The most certain thing about the Senate when it comes to guns is that they will never pass what the House just did, because of the filibuster. The question is whether Republicans have painted themselves in a corner of having to do the least little thing possible by making such a big deal out of the fact that they are deigning to have these discussions with Democrats. Make no mistake, though, Republicans are driving this process, and they are not going to allow anything Democrats could reasonably call a substantive win.
Meanwhile, the talks drag on. “This morning,” Majority Leader Chuck Schumer said in his floor statement Thursday, “my colleague Senator Murphy reported that the group is making good progress and they hope to get something real done very soon.” Few details have emerged this week, with negotiators reportedly having just set the rough outline of what might be included—encouraging states to create their own red flag laws, tightening up criminal background checks, and money for mental health treatment.
On the election reform/Jan. 6 front, Collins is telling reporters they are close to an agreement for legislation to reform the Electoral Count Act. Those talks started about six months ago, when Republicans feared that there might actually be enough pressure on Democratic holdouts Joe Manchin (WV) and Kyrsten Sinema (AZ) to create a filibuster carve out for Voting Rights Act restoration. Collins jumped in to pull Manchin away into bipartisan talks on the ECA reform.
“We’ve made a lot of major decisions,” Collins told reporters Wednesday. “We’ve resolved a lot of issues, but we have some more work to do, which I hope we’ll finish up this week.” Again, they’ve been meeting for six months. They have reportedly agreed in principle on reducing the vice president’s part in the process, raising the threshold for votes objecting to a state’s electoral count, protecting state and election officials from threats, and formalizing the presidential transition process.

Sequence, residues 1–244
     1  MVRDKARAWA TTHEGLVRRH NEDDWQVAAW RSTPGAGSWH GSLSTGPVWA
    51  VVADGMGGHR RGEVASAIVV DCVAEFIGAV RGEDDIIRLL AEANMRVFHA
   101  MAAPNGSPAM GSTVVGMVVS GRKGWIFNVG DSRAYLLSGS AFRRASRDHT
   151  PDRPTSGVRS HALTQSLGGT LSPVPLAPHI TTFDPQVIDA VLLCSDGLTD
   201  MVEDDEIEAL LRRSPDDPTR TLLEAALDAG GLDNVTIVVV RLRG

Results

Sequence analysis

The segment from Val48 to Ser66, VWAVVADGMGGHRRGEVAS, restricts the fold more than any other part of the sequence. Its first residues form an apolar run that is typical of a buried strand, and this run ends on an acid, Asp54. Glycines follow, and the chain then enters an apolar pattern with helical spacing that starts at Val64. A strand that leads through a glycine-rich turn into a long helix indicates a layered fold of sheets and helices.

What they haven’t agreed upon is kind of a big one: What happens when or if a state misses the “safe harbor” deadline, the day by which any election disputes—recounts or audits—have to be resolved and the states certify their results, or when a state submits an alternate slate of electors. It’s actually pretty disturbing that Republicans working in supposed good faith on this can’t or won’t agree with Democrats on making sure that the states are submitting valid electors to Congress.
It can’t be coincidence that Collins is popping up with this the same day that the public Jan. 6 hearings start. If it’s not a bid to create a bit of a diversion, it’s an effort at ass-covering for Republicans, ahead of what they anticipate will be very damaging testimony. It also pulls the attention of at least some of the Democratic senators supposedly key to gun negotiations away from that process.
Democrats are aware of that, at least, and want to use it to push ECA reform over the finish line. “I hope the American people will tune in to these hearings and realize just how close we came to overturning a democratic election. And I do hope that will propel—I hope that will break new energy behind some of the election reform efforts,” Sen. Chris Van Hollen (D-MD) told NBC News.
Because the bill needs to pass to shut down the potential of a MAGA coup in 2024. It is not a substitute for the Voting Rights Act restoration—which would guarantee that the vote Congress ends up counting is free and fair—but it is necessary. As it stands ECA reform would mean that Congress would accurately count an election rigged by voter suppression and Republican cheating.
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